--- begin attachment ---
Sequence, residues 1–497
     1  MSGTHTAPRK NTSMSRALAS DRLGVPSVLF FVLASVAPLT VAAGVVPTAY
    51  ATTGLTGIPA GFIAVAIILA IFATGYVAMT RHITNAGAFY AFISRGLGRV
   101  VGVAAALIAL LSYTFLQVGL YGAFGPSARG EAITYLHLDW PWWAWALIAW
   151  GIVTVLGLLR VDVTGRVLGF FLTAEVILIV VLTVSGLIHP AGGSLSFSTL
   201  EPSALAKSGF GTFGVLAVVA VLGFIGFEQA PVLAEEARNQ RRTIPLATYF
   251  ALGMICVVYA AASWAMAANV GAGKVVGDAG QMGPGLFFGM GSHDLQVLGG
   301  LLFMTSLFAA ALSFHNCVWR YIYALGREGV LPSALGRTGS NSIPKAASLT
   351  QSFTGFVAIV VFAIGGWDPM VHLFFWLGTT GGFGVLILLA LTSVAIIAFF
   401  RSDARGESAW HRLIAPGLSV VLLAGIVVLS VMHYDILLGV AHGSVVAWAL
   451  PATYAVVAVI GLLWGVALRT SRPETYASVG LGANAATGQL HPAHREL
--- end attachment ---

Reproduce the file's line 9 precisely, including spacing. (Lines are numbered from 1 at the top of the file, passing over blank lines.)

   351  QSFTGFVAIV VFAIGGWDPM VHLFFWLGTT GGFGVLILLA LTSVAIIAFF